Situated near the center of New Hampshire, it’s the state’s largest lake and the third largest in New England.
It stretches about 21 miles and varies in width up to nine miles, covering about 71 square miles.
The lake contains at least 264 islands and has 288 miles of shoreline.
Maximum depth is 180 feet, augmented by a dam at Lakeport.
The center part of the lake is called the Broads.
The outflow joins with the Pemigewasset River to form the Merrimack, which heads south into Massachusetts before turning east to the Atlantic. Its waters powered many of the industrial mills along its way, including Manchester, Nashua, Lowell, and Lawrence.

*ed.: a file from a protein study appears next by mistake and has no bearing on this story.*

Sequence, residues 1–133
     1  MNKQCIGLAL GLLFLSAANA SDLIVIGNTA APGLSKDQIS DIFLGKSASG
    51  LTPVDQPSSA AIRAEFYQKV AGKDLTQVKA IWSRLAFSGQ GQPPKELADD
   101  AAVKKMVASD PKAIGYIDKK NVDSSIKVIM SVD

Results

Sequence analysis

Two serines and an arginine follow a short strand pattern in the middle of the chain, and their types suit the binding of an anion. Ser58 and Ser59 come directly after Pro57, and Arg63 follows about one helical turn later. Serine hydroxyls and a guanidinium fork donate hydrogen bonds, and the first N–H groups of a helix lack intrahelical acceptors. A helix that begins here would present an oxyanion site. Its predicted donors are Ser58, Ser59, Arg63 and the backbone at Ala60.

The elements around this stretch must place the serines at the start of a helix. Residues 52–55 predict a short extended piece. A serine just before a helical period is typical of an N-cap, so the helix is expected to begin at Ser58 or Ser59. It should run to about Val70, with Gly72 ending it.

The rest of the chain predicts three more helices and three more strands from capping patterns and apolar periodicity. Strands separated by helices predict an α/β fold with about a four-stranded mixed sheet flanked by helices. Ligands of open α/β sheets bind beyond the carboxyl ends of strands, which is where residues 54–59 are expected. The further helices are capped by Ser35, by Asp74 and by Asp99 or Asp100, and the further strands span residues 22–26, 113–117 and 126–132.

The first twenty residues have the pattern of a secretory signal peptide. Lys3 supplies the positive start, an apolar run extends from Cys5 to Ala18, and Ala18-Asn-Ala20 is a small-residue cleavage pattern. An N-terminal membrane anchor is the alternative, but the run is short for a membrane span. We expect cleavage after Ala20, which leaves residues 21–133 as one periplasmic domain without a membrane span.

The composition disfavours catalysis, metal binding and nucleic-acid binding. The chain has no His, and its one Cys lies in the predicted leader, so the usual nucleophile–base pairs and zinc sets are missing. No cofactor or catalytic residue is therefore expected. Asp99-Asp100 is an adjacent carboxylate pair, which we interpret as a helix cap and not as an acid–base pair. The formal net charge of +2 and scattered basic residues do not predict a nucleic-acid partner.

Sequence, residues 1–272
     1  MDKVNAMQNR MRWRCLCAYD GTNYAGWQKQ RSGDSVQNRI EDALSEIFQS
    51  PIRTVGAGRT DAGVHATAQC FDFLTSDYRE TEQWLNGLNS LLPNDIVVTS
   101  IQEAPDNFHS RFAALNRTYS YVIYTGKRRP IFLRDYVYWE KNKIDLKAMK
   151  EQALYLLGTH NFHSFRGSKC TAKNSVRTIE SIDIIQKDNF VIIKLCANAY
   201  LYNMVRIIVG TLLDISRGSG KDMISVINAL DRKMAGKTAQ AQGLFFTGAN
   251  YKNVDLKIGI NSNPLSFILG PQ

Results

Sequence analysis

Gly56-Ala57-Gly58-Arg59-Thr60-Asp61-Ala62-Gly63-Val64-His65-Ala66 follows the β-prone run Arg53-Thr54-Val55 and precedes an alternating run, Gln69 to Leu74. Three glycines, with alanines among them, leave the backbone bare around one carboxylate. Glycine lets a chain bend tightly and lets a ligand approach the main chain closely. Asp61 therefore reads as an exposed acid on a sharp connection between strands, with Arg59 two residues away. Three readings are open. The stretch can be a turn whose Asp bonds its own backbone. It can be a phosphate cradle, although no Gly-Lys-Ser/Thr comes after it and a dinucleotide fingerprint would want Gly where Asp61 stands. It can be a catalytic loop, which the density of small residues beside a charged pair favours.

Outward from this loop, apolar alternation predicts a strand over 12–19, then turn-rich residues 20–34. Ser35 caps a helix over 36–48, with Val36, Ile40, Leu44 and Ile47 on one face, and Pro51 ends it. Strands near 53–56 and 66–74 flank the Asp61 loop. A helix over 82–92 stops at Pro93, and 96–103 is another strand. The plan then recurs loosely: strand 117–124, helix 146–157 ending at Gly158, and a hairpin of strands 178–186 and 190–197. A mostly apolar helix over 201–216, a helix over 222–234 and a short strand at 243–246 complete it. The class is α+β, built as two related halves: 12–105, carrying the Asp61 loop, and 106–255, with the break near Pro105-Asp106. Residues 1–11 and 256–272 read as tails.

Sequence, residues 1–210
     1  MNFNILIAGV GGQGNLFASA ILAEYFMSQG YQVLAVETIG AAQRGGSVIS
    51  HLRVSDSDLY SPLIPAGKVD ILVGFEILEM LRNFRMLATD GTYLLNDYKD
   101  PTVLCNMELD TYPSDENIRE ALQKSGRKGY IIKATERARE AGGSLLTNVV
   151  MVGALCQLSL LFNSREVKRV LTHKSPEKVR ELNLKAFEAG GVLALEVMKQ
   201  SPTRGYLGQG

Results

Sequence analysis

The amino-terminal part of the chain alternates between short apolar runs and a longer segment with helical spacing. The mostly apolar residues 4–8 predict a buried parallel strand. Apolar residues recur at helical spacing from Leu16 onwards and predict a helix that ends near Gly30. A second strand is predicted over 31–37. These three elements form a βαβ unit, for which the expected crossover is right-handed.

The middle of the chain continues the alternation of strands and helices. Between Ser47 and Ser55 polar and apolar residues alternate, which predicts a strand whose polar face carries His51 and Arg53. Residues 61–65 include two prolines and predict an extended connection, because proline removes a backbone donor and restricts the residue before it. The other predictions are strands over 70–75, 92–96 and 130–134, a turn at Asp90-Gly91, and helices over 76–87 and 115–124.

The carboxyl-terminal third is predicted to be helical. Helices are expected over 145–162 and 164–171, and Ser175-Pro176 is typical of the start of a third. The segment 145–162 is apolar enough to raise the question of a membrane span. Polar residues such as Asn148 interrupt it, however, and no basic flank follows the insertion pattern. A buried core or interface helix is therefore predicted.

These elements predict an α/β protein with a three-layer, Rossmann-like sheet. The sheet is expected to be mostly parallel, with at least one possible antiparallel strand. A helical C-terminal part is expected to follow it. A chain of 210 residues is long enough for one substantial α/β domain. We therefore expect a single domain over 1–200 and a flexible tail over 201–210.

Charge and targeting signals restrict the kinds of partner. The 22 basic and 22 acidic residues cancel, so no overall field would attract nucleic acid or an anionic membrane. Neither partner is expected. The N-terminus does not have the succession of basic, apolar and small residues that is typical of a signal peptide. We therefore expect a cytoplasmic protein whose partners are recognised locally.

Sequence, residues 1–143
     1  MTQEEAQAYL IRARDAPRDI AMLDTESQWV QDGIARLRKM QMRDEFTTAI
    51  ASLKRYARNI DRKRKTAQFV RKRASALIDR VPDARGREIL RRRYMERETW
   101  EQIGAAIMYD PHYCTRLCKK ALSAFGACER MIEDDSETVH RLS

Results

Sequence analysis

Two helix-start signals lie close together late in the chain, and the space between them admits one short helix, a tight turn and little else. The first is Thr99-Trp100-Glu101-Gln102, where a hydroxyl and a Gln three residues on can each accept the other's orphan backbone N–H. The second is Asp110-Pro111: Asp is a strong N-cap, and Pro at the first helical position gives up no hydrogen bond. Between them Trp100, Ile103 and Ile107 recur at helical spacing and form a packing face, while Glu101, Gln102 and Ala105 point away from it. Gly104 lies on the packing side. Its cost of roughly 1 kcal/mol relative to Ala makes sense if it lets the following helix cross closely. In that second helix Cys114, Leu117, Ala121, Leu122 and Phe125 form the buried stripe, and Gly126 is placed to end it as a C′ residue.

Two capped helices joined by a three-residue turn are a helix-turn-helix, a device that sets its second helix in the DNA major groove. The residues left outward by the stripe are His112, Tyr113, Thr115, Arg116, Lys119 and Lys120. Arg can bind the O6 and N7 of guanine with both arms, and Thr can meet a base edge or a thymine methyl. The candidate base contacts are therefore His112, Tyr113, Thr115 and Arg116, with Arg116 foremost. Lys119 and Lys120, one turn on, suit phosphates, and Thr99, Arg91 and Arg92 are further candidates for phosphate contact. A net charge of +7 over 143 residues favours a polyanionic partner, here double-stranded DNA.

The Native name translates as either “smile of the Great Spirit” or “beautiful water in a high place.”
Officially, it’s not a lake but a “great pond,” which the General Court has defined as a natural lake of more than ten acres. The state owns the beds of all the great ponds, making the surface public water.
Ice-out is a popular measure of the end of winter in the Granite State. It’s declared when the ice on the lake breaks up sufficiently for the Mount Washington cruise vessel to make it to every one of its five ports: Center Harbor, Wolfeboro (“the Oldest Summer Resort in America”), Alton, Weirs Beach, and Meredith. It’s also considered the beginning of boating season. The date has varied from March 16 to May 12.
It’s hard to spell. That’s why it’s often known as Lake Winni.